Tim told the Express that outside of his work and sports he chooses to give his energy to close friends, his wife and 22-year-old daughter Ruby who lives in New York. 

“I get over there when I can, but I thank God for modern communication. 

“She’s a wonderful human being. She’s great fun to hang around with and really smart. 

“She gives me the energy to be a good human, just watching the way she goes about life is just beautiful. She’s smart, she’s funny and cooler than I could ever pretend to be in a hundred lifetimes. And yet she’s really lovely to people and empathetic and likes to make sure everyone is comfortable and feeling okay. She’s not a dickhead. 

“If I had her charm and intelligence at that age I’d be an awful human.” 

So what’s Tim up to now he’s left the city lights and settled in the country? One of his favourite pastimes is reading, particularly fiction. 

“There’s a veracity of imagination and I feel calmer and I feel energised by something as simple as reading a book and staying off telephones and computers.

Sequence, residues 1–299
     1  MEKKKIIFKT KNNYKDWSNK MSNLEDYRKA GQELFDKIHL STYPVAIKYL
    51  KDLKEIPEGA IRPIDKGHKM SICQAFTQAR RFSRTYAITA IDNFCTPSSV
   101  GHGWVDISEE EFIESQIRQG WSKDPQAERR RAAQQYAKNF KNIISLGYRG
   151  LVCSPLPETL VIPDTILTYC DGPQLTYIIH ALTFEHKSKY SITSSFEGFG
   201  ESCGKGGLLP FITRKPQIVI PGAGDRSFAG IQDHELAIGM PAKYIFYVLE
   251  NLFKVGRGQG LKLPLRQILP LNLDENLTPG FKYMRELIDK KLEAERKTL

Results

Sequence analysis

“The only mantras I have are; to err on the side of kindness and always bring a book. It’s a gentle way of achieving joy and optimism, releasing your blues.” 

With experience working in pubs and bars, he’s also taken to lending a hand at a local wine bar occasionally. 

“I don’t think I’ll go back to working in pubs. I think I’m a little too in love with hugging trees at the moment – lawn mowing or landscaping. I love working in pubs, but to a point. The great irony being, that drunk people can be obstreperous. I thought I was the most charming person in the world when I had a skin full, but I don’t know whether I was. But these days I’m more likely to be the scruffy looking guy sitting in the corner reading a book.”